Afghanistan: Can't Have That

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December 22, 2010: Diplomats and military commanders in Afghanistan have a hard time explaining to the politicians back home how Afghanistan operates. In short, most Afghan leaders are corrupt (by Western standards). Most Afghans are quick to violence and tribal, ethnic  and religious affiliations are more important than national ones.  Over 70 percent of the population is illiterate, and the population is generally hostile to strangers Including fellow Afghans. The best known clean government movement in the country is run by the Taliban, who are also into Islamic global conquest and the support of Islamic terrorism.

The Taliban have embraced the use of terrorism to intimidate opponents (mainly the national government and tribal leaders). After years of resistance, the Taliban have accepted the use of suicide attackers. This tactic is an Arab thing, that was long opposed by the Afghans. But decades of Arab supported religious schools in Pakistan has produced young Afghans indoctrinated to accept the concept of suicide tactics. This, and the widespread use of landmines and roadside bombs was found to be more effective in causing casualties among foreign troops.  Afghans fighting foreign troops usually ends in disaster (for the Afghans), so the Afghans concentrate on Afghan security forces. However, these can also be hard to handle if they have been trained. For all the talk of "Afghan warriors", most Taliban are untrained, but eager, country boys with guns.

Pakistan has become less hospitable to the Taliban in the last year (the Pakistani Army invaded the tribal territories because of an Islamic terrorist offensive against Pakistani cities and leaders), so many Taliban who would have gone to Pakistan sanctuaries for the Winter, are staying in Afghanistan this year. This means that these groups of gunmen can be found (they are generally not welcome in Afghanistan) and attacked. Thus there is more Winter combat this year than last. The Taliban usually take heavy losses.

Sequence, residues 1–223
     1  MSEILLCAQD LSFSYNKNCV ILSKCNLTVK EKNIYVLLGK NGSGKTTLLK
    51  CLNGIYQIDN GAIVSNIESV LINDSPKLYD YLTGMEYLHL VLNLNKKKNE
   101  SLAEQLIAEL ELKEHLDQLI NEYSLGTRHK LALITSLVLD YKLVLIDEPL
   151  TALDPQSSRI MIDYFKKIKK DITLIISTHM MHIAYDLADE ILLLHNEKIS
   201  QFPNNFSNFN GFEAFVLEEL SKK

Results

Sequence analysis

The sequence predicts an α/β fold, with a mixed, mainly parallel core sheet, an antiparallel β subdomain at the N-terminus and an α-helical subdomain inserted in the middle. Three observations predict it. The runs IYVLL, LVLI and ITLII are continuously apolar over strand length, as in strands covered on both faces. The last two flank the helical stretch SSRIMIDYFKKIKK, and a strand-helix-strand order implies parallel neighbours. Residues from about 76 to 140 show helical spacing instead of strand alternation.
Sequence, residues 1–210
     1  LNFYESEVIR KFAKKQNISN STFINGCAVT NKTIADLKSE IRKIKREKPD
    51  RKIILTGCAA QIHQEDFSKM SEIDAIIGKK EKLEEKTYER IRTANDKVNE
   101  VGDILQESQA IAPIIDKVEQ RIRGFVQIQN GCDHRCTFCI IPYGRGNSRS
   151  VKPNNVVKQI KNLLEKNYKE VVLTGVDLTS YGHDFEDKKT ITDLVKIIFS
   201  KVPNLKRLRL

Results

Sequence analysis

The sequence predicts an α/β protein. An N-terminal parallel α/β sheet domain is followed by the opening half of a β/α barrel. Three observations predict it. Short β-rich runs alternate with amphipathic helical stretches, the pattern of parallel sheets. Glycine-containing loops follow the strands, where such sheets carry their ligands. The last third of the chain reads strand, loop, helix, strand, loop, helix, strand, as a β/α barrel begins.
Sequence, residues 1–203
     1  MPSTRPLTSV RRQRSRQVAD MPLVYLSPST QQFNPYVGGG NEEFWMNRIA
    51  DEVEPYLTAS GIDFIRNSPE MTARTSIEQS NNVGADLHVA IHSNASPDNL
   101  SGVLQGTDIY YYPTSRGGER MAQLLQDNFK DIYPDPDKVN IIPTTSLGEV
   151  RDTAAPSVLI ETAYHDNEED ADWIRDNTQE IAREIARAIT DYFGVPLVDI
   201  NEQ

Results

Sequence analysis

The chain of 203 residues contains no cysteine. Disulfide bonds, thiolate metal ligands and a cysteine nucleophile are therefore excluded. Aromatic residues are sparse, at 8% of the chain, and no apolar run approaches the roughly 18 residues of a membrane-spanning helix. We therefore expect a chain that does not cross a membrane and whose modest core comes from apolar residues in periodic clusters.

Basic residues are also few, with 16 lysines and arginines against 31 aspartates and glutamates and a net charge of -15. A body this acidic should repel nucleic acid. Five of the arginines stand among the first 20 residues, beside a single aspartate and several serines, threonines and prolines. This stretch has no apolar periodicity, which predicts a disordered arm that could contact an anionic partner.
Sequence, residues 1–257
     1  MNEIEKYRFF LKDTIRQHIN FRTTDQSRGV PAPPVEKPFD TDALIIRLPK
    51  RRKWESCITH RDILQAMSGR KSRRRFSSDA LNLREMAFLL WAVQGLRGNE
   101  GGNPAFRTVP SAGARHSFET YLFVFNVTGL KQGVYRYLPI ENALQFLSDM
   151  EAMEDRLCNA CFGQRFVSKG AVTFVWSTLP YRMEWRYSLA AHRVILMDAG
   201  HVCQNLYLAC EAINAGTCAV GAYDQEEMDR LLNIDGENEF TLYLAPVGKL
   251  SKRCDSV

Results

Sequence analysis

The surge offensive this year has used a third more bombs and missiles (about 500 a month) than last year. In the last few months, American Special Forces alone have arrested about 800 terrorism suspects a month, and killed 320. These losses are usually inflicted via raids and exploiting intelligence. The special operations troops are hurting the drug gangs, who are protected by the Taliban, and this makes a lot of Afghans (about ten percent of the population) who made a lot of money from the heroin trade, unhappy with this aggression against drug operations.

The Taliban is consistent in some respects. For example, they are still hostile to foreign aid, seeing it as dangerous foreign interference. At best, the Taliban will tolerate foreign aid if cash, goods or services are given to the Taliban in the process. The drug gangs don't like the foreign aid workers, because too many of these troublesome foreigners are hostile to the drug business. Can't have that.

 

 

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